The Women's Economic Security Act (WESA) strengthens workplace protections and flexibility for pregnant women and nursing mothers, expands employment opportunities for women in high-wage, high-demand occupations and reduces the gender pay gap through increased enforcement of equal pay laws.
Q: Are all Minnesota employers required to include notice of the Wage Disclosure Protection law in their employee handbook?
A: Yes, every Minnesota employer must comply with the new wage disclosure protection law in the Women's Economic Security Act. Under this law, no employer can prohibit employees from disclosing their own wages. This law became effective July 1, 2014, and can be found at Minnesota Statutes 181.172.
Employers that provide an employee handbook to their employees must include in the handbook a notice of employee rights and remedies under the Wage Disclosure Protection law. The following is a sample notice to employees.
Notice to employees: Under the Minnesota Wage Disclosure Protection law, you have the right to tell any person the amount of your own wages. Your employer cannot retaliate against you for disclosing your own wages. Your remedies under the Wage Disclosure Protection law are to bring a civil action against your employer and/or file a complaint with the Minnesota Department of Labor and Industry at (651) 284-5070 or 1-800-342-5354.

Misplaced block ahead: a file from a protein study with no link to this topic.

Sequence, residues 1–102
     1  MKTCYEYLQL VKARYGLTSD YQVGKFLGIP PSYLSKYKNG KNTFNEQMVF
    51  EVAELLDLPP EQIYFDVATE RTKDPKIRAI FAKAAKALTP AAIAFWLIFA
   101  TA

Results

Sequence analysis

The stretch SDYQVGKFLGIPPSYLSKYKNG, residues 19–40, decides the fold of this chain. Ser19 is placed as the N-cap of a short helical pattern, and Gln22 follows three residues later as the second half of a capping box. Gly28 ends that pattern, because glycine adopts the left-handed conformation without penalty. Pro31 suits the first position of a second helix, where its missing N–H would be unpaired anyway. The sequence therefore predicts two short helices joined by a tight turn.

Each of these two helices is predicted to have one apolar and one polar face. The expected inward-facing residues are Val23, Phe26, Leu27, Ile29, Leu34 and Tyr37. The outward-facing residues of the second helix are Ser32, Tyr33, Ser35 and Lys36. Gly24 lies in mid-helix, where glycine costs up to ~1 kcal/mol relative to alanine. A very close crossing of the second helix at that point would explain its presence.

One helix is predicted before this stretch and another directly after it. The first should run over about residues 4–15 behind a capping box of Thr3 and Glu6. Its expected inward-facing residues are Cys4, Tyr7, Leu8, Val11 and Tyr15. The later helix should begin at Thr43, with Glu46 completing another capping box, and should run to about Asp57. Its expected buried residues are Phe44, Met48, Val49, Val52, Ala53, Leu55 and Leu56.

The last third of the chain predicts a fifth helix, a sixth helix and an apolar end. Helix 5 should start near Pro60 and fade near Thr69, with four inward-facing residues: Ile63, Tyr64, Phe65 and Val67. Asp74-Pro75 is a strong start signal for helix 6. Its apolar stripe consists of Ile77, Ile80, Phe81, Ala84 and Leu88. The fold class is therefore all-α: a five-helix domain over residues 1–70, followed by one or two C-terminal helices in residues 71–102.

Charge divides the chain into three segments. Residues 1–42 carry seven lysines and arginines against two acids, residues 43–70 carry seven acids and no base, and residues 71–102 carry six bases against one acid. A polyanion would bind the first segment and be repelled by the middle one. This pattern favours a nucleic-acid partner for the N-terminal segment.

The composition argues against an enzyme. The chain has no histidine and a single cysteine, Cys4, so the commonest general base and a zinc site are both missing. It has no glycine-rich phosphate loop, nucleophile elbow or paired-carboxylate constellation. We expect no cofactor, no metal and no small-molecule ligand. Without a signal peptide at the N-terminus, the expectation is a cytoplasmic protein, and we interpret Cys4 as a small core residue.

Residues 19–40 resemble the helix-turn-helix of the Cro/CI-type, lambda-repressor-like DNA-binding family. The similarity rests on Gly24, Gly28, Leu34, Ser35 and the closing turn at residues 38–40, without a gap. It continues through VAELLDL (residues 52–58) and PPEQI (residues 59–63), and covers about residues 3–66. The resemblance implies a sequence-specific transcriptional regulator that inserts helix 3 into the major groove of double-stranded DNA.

Q: Are all employees who become parents eligible to receive pregnancy and parental leave?
A: No, an employer must provide at least 12 weeks of unpaid pregnancy and parental leave to an employee if:
the employer has at least 21 employees at one site in Minnesota;
the employee has worked for the employer for at least 12 months before requesting the leave; and
the employee works at least half-time.
Q: Is an employee who takes pregnancy and parental leave entitled to their same job after returning from leave?
A: Yes, the employee is entitled to get their job back in the employee's former position or in a position of comparable duties, number of hours and pay.
Q: Is an employee entitled to use pregnancy and parental leave in addition to Family and Medical Leave Act (FMLA) leave?
A: No, Minnesota pregnancy and parental leave runs concurrent to FMLA leave. However, if an employee takes FMLA leave for unrelated reasons (such as a back injury not caused by the pregnancy), the employee will still be entitled to 12 weeks of leave for pregnancy-related illness and parental leave.
Q: If the employee uses paid vacation or sick time for part of the their time off for the birth of a child or for health conditions related to the pregnancy, is the employee entitled to an additional 12 weeks of unpaid pregnancy and parental leave?
A: No, the employer is not required to allow more than a total of 12 weeks of leave related to the pregnancy and childbirth, including both paid and unpaid leave.
Q: When can an employee take parental leave?
A: An employee must begin their 12 weeks of parental leave within 12 months of the birth or adoption of a child. An exception is made if a child must remain in the hospital longer than the mother; in which case the leave must begin within 12 months after the child leaves the hospital.
Q: How much notice must an employee provide their employer when requesting pregnancy and parental leave?
A: An employer may require an employee to provide reasonable notice of the date the leave will begin and the estimated amount of the leave.